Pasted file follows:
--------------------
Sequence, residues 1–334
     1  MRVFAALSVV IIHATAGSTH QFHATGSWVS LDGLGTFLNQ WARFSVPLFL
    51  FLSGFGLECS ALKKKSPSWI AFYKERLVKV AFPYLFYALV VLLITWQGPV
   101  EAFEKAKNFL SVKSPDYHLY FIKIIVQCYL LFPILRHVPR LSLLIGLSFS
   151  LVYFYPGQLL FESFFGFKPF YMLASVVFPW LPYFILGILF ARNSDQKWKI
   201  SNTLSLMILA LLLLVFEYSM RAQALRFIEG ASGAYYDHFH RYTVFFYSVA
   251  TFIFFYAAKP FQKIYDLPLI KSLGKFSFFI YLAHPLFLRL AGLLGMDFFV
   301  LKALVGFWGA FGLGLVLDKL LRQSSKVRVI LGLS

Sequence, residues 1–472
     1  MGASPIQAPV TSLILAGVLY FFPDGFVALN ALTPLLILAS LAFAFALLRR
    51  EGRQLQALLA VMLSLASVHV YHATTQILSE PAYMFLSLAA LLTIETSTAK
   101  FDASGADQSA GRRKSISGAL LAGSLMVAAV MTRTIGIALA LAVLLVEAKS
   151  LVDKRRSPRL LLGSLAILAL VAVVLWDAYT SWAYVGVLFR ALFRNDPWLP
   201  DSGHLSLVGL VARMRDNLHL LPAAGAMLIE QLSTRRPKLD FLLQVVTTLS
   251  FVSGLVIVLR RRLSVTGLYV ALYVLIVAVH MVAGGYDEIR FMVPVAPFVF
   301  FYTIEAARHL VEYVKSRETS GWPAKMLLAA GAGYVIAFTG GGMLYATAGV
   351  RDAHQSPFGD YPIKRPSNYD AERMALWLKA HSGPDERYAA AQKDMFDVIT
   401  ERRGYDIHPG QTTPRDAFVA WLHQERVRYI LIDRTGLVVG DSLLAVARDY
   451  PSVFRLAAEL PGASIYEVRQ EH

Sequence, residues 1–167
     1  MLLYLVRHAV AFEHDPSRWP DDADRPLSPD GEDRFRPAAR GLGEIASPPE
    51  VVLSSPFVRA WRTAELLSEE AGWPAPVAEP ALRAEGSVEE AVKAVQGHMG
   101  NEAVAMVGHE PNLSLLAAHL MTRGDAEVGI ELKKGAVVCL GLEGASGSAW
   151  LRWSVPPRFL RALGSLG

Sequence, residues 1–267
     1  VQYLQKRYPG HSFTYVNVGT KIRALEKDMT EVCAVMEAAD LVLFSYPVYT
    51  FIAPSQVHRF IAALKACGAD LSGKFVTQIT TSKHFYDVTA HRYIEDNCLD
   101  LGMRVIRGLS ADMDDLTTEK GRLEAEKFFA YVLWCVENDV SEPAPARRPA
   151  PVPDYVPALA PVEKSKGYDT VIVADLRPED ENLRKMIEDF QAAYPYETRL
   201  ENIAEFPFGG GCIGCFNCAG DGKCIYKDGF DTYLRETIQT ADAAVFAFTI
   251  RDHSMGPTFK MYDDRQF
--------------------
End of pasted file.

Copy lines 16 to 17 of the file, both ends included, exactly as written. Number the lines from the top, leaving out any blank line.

   301  FYTIEAARHL VEYVKSRETS GWPAKMLLAA GAGYVIAFTG GGMLYATAGV
   351  RDAHQSPFGD YPIKRPSNYD AERMALWLKA HSGPDERYAA AQKDMFDVIT